Presentation on theme: "Craigiebuckler, Aberdeen, AB15 8QH, UK Diversity of fungi and potential function in naturally regenerating cut-over peatlands Rebekka Artz, Stephen Chapman,"— Presentation transcript:
Craigiebuckler, Aberdeen, AB15 8QH, UK Diversity of fungi and potential function in naturally regenerating cut-over peatlands Rebekka Artz, Stephen Chapman, Ian Anderson, and Colin Campbell
Fungal communities in peat Fungi are the primary degraders of plant necromass So far, investigations of fungi have focused on standing plant material or litter only Direct identification or cultivation used Differences in bacterial and archaeal composition of peat horizons shown using molecular techniques - how about fungi? Is fungal community composition an indicator of regeneration?
Site descriptorLocationTime (y) since abandonmentVegetation SC_AMiddlemuir Moss, UK < 5Bare peat SC_BMiddlemuir Moss, UK5-10Sphagnum fallax(> 95%) SC_CMiddlemuir Moss, UK5-10Eriophorum angustifolium (> 70%), E. vaginatum (5-10%), Sp. fallax (15-20%) SC_DMiddlemuir Moss, UK>50Sphagnum spp. (e.g. palustre, capillifolium, fallax; >80%), Mollinia spp.; other mosses FB_ABaupte peatland, France5-10Bare FB_BBaupte peatland, France5-10Eriophorum vaginatum (10-20 %) FR_ARussey, France5-10Bare peat FR_BRussey, France5-10S. fallax, E. angustifolium, E. vaginatum (rare) FR_CRussey, France>50S. fallax, E. angustifolium, E. vaginatum, Calluna vulgaris CH_ALa Chaux d’Abel, Suisse5-10S. fallax (discontinuous), Polytrichum strictum, P. commune, E. vaginatum, Potentilla erecta CH_BLa Chaux d’Abel, SuisseIntermediate CH_CLa Chaux d’Abel, Suisse>40S. fallax (continuous), P. strictum, P. commune, E. vaginatum, Vaccinium spp. FI_AAitoneva, Finland10Eriophorum vaginatum, wet FI_BAitoneva, Finland10Eriophorum vaginatum, dry FI_CAitoneva, Finland10Carex rostrata, wet FI_DAitoneva, Finland10Sphagnum fallax (+others), wet FI_EAitoneva, Finland10Bare peat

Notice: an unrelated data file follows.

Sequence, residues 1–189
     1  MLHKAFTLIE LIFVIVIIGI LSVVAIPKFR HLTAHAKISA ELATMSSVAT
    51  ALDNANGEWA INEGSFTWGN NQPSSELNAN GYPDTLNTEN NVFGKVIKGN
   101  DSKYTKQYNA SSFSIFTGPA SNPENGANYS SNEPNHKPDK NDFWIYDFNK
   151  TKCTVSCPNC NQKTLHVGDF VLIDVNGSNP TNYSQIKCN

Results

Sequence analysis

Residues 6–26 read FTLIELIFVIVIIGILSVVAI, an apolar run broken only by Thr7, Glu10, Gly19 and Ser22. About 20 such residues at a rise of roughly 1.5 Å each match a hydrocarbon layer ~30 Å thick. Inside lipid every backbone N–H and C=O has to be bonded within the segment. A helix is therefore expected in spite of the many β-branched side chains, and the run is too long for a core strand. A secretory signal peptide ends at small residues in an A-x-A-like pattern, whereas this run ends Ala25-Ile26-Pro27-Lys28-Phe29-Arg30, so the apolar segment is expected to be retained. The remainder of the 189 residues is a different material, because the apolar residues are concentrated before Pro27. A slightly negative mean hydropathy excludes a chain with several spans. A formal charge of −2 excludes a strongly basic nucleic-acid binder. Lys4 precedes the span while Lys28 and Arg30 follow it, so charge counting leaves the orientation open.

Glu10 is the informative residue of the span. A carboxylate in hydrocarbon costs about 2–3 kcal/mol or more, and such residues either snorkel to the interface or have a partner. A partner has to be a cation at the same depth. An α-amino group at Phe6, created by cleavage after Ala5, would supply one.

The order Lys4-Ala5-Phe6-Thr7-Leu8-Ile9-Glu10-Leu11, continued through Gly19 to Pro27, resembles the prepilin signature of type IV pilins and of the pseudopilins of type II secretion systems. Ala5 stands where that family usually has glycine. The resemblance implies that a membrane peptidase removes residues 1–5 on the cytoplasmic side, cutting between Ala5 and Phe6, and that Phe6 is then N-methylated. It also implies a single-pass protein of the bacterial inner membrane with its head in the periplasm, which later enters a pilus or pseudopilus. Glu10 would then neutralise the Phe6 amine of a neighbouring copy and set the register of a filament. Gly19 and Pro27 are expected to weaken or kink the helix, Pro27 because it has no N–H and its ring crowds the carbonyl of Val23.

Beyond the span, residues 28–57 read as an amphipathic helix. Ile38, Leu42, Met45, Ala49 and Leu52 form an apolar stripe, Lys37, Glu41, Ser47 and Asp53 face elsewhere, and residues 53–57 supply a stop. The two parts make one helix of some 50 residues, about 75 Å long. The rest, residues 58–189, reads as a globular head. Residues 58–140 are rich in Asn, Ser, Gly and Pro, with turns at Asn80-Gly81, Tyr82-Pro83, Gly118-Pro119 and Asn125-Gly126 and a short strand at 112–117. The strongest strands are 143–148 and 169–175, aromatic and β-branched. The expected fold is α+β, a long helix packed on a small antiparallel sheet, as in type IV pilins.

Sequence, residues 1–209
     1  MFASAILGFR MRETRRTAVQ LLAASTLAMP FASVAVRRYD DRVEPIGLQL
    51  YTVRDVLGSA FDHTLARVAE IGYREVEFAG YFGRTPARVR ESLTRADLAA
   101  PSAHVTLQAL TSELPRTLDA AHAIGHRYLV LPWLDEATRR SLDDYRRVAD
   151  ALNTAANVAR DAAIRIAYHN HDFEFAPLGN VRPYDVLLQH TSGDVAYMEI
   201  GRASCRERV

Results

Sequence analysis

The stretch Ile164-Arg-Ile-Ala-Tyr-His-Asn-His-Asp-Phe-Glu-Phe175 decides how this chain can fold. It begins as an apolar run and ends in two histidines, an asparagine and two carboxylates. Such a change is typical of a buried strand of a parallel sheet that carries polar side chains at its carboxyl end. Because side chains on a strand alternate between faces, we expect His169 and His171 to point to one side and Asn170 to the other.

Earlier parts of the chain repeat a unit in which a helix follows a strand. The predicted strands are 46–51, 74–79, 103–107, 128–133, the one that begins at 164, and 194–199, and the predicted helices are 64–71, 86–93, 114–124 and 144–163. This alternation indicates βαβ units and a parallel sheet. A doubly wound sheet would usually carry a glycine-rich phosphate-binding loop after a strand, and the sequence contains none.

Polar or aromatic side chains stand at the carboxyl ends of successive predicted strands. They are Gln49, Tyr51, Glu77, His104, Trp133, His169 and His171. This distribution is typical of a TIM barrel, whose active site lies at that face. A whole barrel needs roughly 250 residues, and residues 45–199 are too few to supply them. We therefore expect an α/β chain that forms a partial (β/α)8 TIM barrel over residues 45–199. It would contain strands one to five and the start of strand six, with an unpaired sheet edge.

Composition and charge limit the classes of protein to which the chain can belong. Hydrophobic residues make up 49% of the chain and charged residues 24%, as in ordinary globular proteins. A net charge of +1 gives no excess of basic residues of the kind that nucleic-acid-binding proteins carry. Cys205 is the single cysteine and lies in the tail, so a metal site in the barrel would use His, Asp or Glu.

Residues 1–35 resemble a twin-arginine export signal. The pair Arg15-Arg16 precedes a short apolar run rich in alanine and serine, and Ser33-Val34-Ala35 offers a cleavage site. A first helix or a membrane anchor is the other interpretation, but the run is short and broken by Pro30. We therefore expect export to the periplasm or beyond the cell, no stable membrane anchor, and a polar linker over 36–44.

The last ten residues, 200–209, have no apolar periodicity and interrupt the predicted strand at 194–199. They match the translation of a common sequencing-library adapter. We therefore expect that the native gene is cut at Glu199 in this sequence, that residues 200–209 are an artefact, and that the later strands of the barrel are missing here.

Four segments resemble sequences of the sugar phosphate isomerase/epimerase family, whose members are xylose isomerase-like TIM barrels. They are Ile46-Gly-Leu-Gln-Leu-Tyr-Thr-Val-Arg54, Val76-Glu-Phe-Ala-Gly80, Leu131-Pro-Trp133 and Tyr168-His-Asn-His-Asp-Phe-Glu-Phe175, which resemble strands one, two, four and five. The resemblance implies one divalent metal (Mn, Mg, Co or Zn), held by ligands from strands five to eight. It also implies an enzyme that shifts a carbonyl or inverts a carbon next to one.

FI SC FB CHFR
Vascular plant litter (if present)0 – 5 cm moss (if present) or peat 5 – 10 cm moss (if present) or peat 22.5 – 27.5 cm peat 42.5 – 47.5 cm peat
OM decomposition in peat horizons OH Waxes Lignins CHOH SC_D site: > 50 y regeneration
OM decomposition in peat horizons Site SC_B: 5-10 y regeneration, 2 cm of Sp. fallax and Eriophorum spp.
18 S5.8 S28 S ITS1ITS2 ITS1F & ITS4R ITS1F+GC & ITS2R Denaturing gradient gel electrophoresis DGGE of fungal ITS
DGGE gel patterns of fungal ITS fragments from SC_B Formamide + urea 30 % 60 %
Cluster analysis on band patterns Differences between peat horizons can be distinguished Lower peat horizons Upper peat horizons
M Undisturbed Milled Cut-over peat surfaces have lower fungal diversity and generally different community structure
Significant differences between sites Colonised with Sp. fallax, Eriophorum spp.; > 50 y Colonised with Sp. fallax, Eriophorum spp.; 5-10 y Undisturbed peat Bare surface, 5-10 y Older sites of regeneration have band patterns more similar to those of intact sites Horizon 4
Conclusions Cut-over peat surfaces have lower and different fungal diversity to intact surfaces Peat horizons show significantly differing fungal communities, probably due to the nature of available carbon substrates Site-to-site differences Natural regeneration of peat shows fungal communities that become more similar to undisturbed peat over time – an indicator of regeneration?
Acknowledgements RECIPE: Reconciling commercial exploitation of peat with biodiversity of peatland ecosystems (www.macaulay.ac.uk\RECIPE)www.macaulay.ac.uk\RECIPE The many RECIPE partners in Finland, France, Switzerland and Germany